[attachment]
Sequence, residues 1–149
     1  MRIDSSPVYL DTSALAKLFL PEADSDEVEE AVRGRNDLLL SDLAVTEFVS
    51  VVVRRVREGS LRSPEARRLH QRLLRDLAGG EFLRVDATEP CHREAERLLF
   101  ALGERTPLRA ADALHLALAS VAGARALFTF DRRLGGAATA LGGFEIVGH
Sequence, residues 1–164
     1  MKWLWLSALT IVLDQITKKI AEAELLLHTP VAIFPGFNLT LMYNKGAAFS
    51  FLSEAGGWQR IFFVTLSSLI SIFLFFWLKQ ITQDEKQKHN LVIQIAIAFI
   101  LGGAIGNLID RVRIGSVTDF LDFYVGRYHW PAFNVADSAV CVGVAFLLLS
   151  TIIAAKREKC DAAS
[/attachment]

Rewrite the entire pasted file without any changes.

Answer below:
Sequence, residues 1–149
     1  MRIDSSPVYL DTSALAKLFL PEADSDEVEE AVRGRNDLLL SDLAVTEFVS
    51  VVVRRVREGS LRSPEARRLH QRLLRDLAGG EFLRVDATEP CHREAERLLF
   101  ALGERTPLRA ADALHLALAS VAGARALFTF DRRLGGAATA LGGFEIVGH
Sequence, residues 1–164
     1  MKWLWLSALT IVLDQITKKI AEAELLLHTP VAIFPGFNLT LMYNKGAAFS
    51  FLSEAGGWQR IFFVTLSSLI SIFLFFWLKQ ITQDEKQKHN LVIQIAIAFI
   101  LGGAIGNLID RVRIGSVTDF LDFYVGRYHW PAFNVADSAV CVGVAFLLLS
   151  TIIAAKREKC DAAS